There is a potential concern with storing data with a third party, but we encrypt the files and Amazon has decent security on top of that, so it seems ok. It's doesn't seem any worse than other hosting situations.

Overall, we're pretty happy with this setup.

G.ho.st - Global Hosted Operating System

G.ho.st – Home Page

Apparently this is implemented using Amazon S3 and EC2. Interesting idea, but pretty annoying how they maximize my browser window and hide the address and tool bars.

Spiceworks - Free Network Monitoring Software for Network Management

Spiceworks - Free Network Monitoring Software for Network Management

Thursday, October 11, 2007

Telnet now optional in Vista

Today I went to use telnet to test some server code I was working on. Except there's no telnet!?

A quick web search tells me it's not "turned on" by default, you have to go to:

Control Panel > Programs and Features > Turn Windows features on or off

Microsoft's justification for this is to decrease the "footprint" of Windows and to increase security. Neither really makes much sense. The telnet client is a tiny program and having it in a directory on the path versus some other "turned off" directory doesn't seem to change the "footprint" much. The code to turn it on and off is probably bigger than telnet itself. And I'm not sure how a telnet client is much of a security risk. Any attack that gets far enough into your system to use your telnet client is probably not going to be stopped by it being "turned off", especially since it could easily "turn it on" from the command line. (I can see leaving the telnet service turned off, but that's not what I'm talking about.)

I'm really tempted to do some Microsoft bashing at this point, but I'll restrain myself.

Wednesday, October 10, 2007

Ask 37signals: Is it really the number of features that matter? - (37signals)

Ask 37signals: Is it really the number of features that matter?

The idea of "editing" is interesting. It's a role I play with our application software, both in deciding which features to add, and in reviewing what we've done to try to ensure it's usable.

Of course, I still struggle with trying to pursue simplicity. Sales people, customers, customer support - they all think more features is the answer.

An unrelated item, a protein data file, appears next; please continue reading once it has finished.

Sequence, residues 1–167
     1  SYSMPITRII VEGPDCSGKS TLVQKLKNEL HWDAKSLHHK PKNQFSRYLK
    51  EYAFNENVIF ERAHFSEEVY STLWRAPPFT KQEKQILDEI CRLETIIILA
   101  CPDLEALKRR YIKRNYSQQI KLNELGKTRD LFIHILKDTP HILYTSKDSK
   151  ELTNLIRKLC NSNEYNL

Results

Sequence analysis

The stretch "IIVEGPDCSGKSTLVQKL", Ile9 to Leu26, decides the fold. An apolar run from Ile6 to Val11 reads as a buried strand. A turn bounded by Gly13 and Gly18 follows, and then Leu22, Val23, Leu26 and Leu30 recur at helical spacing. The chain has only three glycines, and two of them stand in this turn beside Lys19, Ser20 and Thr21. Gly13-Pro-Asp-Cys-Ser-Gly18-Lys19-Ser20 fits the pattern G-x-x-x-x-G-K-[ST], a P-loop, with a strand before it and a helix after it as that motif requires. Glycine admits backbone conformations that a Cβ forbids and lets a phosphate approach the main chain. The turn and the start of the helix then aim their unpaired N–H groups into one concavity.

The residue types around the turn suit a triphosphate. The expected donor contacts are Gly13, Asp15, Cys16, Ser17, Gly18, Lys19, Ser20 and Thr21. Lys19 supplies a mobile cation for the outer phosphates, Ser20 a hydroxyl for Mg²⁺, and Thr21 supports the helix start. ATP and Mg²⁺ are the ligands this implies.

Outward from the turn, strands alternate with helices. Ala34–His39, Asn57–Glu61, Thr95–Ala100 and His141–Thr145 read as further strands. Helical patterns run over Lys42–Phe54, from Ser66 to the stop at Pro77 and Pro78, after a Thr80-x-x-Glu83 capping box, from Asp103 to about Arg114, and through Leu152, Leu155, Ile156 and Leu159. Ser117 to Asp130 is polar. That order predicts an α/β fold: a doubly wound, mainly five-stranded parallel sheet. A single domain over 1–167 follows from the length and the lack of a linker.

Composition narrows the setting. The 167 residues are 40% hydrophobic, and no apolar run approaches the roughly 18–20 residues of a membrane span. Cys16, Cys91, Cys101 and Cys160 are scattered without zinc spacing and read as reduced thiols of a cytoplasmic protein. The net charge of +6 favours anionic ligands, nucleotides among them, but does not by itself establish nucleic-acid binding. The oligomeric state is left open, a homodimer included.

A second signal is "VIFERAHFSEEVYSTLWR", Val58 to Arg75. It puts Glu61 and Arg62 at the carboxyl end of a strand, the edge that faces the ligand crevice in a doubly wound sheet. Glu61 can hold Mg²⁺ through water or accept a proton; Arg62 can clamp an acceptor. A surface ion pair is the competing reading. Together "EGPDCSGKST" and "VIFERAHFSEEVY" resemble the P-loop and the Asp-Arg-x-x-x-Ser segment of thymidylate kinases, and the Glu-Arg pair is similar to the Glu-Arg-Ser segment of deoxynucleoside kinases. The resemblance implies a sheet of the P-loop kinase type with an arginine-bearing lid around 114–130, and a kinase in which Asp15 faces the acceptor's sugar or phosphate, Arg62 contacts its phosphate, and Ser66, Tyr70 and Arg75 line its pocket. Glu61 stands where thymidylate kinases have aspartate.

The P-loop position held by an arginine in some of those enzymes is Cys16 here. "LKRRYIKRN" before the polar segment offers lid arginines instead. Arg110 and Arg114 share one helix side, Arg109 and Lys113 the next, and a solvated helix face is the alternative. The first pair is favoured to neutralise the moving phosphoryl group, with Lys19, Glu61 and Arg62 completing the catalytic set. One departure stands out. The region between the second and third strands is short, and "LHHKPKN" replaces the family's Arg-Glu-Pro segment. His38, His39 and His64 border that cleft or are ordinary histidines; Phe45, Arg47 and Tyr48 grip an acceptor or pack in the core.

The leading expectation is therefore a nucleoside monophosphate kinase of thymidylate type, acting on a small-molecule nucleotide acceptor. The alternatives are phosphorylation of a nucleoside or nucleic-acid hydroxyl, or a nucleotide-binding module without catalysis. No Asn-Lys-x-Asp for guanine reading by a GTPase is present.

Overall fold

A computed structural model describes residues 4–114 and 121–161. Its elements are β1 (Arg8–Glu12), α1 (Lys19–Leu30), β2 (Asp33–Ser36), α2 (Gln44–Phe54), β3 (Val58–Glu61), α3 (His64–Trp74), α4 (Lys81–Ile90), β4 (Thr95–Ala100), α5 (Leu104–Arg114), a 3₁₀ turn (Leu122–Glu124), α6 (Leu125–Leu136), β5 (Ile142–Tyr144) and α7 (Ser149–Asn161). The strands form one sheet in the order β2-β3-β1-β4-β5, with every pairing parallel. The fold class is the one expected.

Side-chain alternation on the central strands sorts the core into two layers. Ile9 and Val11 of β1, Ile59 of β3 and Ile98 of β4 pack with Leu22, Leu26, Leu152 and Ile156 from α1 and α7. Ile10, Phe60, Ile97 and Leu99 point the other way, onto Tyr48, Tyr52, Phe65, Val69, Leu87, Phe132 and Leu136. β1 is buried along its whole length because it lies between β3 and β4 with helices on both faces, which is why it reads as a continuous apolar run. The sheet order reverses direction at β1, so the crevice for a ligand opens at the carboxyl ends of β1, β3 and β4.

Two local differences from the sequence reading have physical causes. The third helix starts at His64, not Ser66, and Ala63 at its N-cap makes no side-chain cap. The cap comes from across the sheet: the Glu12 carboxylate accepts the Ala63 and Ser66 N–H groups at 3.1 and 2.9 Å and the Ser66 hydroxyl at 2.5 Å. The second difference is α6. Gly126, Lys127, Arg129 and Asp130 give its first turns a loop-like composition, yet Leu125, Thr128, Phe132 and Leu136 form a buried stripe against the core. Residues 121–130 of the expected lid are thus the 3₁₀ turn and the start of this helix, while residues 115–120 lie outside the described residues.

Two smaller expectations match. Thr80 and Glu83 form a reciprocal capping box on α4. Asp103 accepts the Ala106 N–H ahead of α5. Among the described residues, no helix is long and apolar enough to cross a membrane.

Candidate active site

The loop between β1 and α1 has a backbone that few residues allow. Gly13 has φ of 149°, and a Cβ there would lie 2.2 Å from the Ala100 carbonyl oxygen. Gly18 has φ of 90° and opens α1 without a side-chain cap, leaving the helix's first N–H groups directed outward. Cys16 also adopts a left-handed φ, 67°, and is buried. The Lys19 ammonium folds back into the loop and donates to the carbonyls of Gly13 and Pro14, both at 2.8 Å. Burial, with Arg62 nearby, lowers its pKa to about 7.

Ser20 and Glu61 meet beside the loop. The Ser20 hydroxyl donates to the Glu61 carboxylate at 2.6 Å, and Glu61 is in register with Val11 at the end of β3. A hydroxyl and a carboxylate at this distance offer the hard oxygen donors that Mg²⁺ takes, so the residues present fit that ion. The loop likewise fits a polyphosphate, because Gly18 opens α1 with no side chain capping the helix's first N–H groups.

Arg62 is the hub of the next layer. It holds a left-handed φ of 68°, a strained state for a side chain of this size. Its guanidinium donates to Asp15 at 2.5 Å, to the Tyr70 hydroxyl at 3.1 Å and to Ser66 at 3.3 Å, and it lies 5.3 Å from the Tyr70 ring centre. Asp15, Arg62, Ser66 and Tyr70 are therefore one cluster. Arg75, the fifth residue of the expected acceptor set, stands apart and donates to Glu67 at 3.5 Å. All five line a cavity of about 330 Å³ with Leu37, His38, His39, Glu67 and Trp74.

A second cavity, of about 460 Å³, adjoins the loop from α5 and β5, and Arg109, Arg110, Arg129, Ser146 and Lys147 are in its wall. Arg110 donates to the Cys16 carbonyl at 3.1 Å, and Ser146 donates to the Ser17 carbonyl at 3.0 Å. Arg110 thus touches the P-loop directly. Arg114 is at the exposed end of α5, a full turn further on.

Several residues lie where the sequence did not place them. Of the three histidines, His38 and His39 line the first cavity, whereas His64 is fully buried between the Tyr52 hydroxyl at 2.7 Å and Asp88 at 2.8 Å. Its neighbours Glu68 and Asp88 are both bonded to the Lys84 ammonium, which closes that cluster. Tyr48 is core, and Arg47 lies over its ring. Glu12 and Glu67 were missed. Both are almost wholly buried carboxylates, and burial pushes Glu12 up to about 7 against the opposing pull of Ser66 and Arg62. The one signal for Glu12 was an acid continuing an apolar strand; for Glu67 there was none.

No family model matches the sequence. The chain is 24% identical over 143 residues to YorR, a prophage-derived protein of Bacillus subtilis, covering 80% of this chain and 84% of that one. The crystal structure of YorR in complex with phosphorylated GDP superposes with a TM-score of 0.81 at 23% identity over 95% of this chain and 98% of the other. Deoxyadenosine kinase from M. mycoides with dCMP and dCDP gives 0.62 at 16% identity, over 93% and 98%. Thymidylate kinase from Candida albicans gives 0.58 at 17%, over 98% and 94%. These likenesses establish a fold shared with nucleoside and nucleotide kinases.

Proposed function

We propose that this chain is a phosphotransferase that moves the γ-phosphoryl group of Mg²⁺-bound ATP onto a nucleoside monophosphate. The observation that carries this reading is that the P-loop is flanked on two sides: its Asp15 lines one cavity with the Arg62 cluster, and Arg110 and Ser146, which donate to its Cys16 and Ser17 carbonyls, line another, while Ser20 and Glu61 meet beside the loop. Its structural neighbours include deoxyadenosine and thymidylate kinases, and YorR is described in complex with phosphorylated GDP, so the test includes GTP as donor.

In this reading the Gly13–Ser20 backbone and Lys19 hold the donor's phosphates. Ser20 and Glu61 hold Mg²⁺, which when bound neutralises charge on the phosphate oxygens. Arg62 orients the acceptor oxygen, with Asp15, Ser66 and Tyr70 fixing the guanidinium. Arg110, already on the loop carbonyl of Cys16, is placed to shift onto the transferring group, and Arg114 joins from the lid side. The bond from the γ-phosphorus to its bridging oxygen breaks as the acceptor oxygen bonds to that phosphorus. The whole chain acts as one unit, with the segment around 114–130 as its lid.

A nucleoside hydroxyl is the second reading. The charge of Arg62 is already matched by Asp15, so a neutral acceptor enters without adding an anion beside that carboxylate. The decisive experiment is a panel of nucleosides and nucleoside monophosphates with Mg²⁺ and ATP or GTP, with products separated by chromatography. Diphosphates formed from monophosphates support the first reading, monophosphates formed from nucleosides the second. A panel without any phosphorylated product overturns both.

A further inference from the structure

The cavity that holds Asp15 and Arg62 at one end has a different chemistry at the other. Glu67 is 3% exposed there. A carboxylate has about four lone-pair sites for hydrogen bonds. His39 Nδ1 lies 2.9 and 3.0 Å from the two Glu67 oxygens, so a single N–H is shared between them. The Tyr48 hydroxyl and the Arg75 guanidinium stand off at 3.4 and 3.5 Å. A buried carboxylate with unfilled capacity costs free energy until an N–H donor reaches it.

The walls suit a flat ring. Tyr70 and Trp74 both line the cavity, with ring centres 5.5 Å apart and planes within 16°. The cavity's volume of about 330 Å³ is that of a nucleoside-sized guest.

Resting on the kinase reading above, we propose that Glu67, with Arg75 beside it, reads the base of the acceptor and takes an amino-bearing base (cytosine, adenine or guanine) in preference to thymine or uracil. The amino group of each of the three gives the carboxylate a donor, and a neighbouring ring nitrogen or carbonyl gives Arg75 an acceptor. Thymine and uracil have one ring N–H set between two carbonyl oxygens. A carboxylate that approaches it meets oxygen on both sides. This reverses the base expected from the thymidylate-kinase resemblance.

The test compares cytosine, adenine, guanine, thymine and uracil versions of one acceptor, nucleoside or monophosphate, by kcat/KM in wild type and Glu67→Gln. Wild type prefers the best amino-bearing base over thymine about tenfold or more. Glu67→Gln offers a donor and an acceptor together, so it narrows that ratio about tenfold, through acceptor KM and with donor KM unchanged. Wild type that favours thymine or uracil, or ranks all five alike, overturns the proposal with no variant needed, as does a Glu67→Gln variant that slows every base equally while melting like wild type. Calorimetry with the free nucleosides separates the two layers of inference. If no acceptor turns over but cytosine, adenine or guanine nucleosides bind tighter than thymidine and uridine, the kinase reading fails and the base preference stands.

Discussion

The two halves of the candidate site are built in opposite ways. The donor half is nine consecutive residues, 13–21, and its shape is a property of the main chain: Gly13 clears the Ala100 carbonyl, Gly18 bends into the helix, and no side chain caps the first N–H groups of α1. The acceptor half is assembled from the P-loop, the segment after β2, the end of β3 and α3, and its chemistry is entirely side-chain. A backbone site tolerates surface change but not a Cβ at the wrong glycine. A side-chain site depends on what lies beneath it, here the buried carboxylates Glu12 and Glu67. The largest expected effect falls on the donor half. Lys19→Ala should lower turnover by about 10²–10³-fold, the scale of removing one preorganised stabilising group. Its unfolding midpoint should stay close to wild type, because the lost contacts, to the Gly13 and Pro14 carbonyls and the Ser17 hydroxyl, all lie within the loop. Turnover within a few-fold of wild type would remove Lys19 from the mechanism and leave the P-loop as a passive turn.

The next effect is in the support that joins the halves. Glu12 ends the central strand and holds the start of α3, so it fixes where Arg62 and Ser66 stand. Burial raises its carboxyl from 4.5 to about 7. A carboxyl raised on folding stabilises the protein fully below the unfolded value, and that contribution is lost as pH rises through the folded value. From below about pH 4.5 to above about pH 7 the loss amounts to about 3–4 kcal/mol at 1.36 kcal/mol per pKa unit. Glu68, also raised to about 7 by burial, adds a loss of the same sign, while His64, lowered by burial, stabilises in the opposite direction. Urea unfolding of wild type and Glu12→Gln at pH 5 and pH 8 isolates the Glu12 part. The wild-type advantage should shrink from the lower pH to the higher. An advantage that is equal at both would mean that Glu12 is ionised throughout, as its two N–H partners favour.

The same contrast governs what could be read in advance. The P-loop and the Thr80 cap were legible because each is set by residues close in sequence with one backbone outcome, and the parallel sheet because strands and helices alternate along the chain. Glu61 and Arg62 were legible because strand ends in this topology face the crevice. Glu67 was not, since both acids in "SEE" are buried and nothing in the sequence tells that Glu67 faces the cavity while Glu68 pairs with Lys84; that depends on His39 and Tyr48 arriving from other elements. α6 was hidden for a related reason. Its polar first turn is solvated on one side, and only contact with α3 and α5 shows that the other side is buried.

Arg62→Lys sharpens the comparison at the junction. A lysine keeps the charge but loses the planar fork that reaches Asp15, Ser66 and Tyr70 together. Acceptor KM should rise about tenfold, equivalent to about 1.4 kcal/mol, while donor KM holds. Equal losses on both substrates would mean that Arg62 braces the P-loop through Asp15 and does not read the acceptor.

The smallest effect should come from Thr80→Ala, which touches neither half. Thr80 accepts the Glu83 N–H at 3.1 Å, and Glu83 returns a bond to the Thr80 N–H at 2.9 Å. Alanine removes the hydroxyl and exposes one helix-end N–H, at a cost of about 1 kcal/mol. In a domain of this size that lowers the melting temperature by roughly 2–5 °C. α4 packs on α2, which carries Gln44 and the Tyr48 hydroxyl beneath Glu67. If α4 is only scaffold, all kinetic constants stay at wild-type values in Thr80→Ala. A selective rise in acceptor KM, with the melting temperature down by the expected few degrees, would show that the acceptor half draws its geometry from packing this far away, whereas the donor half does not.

Monday, October 08, 2007

Chumby Coming Soon, But Not Here

Soon you'll be able to buy a Chumby, but only in the United States, not in Canada :-(

I think one of the things that helped the internet spread so fast was that it wasn't restricted like this. Although when I went looking on the internet for a tv show that I missed I found Fox limits access to shows to just the US. And Amazon's MP3 sales are US only. So the internet is not necessarily free of restrictions either.

Sunday, October 07, 2007

Ubuntu on Parallels on Mac

I just installed Ubuntu on my Mac under Parallels using these instructions:

How to install Ubuntu 7.04 in OS X using Parallels Desktop 3.0

It seemed to go smoothly. Of course, Ubuntu immediately wanted to download a pile of updates, but that worked ok.

The only problem is that you seem to have to manually turn on the networking within Ubuntu every time you boot it up. The instructions mentioned this, but I thought it was just during installation. There may be a fix, I haven't looked yet. I don't think it's a big deal because normally I just suspend the virtual machines rather than shutdown and restart them. Hmmm... that's assuming the network stays turned on after being suspended, I haven't actually tested that.

Parallels has a pre-installed Ubuntu virtual machine, but the downloads were very slow so I gave up. But I should be able to take the virtual machine I've now created and copy it from my Mac Mini to my Mac Book.

Aside from curiosity, one of my motivations for installing Ubuntu is to get back to working on porting Suneido to Linux. I should be able to do a lot of that natively under OS X but I assume I'll still want to work under Linux as well.

Friday, October 05, 2007

MinGW GCC Version 4